Quitting

Methods and medications

There are many effective ways to quit smoking, and no one way works for everyone. To increase your chances of quitting for good, it’s helpful to know which evidence-based methods have been proven to increase your odds of success. Evidence shows that combining telephone counselling with medications or NRT can increase your chances of successfully quitting. Learn about the various methods and medications to help you determine what will work best for you.

Quit with extra help. Explore our resources and tools to make quitting easier. 

Prescription medications

Prescription medications do not contain nicotine but reduce cravings and withdrawal symptoms by affecting how nicotine interacts with your brain. Using quitting medications can increase your chances of quitting smoking successfully. It's even more effective when combined with counselling support.

Nicotine replacement therapy

Nicotine Replacement Therapy (NRT) works by providing the body with nicotine to help reduce withdrawal symptoms and cravings. NRT is one of the most effective tools to help people quit and can increase your chances of quit success. It's even more effective when combined with counselling.

Other methods

There are other quit methods and approaches that people use to quit, but some are more effective than others. Read more about which methods will increase your likelihood of quitting in the long run.
Reduce to quit (gradual reduction)
Making the decision to gradually cut down before you reach your quit date is a great step in the right direction.

Effectiveness

The reduce to quit method has proven to increase your chances of quit success in the long-term.

What does “reduce to quit” mean?

The reduce to quit method involves gradually reducing tobacco intake while using NRT products like nicotine gum or lozenges, to help manage nicotine cravings and withdrawal symptoms. This approach is often done over a six-month period, or until the person reaches the point where stopping completely can be achieved.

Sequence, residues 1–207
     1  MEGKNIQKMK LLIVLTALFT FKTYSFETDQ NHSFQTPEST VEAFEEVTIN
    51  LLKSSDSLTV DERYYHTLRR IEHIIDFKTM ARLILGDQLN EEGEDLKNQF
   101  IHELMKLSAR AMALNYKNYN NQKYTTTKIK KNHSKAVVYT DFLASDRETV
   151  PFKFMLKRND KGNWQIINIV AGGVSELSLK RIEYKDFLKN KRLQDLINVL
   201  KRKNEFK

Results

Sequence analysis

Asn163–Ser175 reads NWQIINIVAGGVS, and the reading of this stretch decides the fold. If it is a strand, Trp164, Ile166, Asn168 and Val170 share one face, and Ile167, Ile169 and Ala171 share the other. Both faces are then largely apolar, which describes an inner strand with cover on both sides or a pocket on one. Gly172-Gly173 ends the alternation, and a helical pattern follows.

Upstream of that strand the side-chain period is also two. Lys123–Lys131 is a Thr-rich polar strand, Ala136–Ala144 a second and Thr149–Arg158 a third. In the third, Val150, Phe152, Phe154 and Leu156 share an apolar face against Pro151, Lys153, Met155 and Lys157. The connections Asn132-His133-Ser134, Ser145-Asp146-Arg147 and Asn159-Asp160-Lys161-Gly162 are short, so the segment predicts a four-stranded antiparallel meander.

• Slowly reduce the number of cigarettes you smoke each day.
  • Choose a quit date - usually over a six-month period (although you can choose any quit date and work out your own cut down schedule).
  • Manage the withdrawal symptoms by using nicotine replacement therapy and behavioural techniques like the 4 D’s (Drink Water, Deep Breathe, Distract, Do Something Else).

Advantages of using the reduce to quit method

  • Keep you engaged in a positive behavior change
  • Make it easier to stick with your plan to eventually quit
  • Provide you with a more realistic goal 
  • Respect your decision to manage your smoking the way you want to
  • Help you achieve small health benefits by reducing the amount you smoke overall
  • Nicotine is what your body craves as you reduce to quit, so it’s better to get clean nicotine found in the gum, inhaler or lozenge as it does not have the tar and other chemicals that can harm your body.

Suggested plan to reduce to quit: (6 month period)

Weeks 1-6

  • Identify which cigarettes in your days you smoke because they are part of your routine rather than a real need
  • Replace these cigarettes with a short-acting nicotine replacement product like the gum, lozenge or inhaler
  • Reduce by one cigarette each week to ease into it

Weeks 7-16

  • Your goal is to get down to 50% of your original number of cigarettes by week 16
  • You will need to work on eliminating some of those more difficult cigarettes, like the first one in the morning or the one after work
  • Continue to use nicotine gum, lozenge or inhaler to help manage the withdrawal symptoms

Week 17-24

  • Your body has gotten used to having less nicotine so it will be less dependent on it
  • Continue to eliminate cigarettes from your day by replacing them with the gum, lozenge or inhaler
  • You are so close to quitting for good
  • you should be close to quitting for good at this stage, but can continue to use the gum, lozenge or inhaler whenever you get an urge to smoke.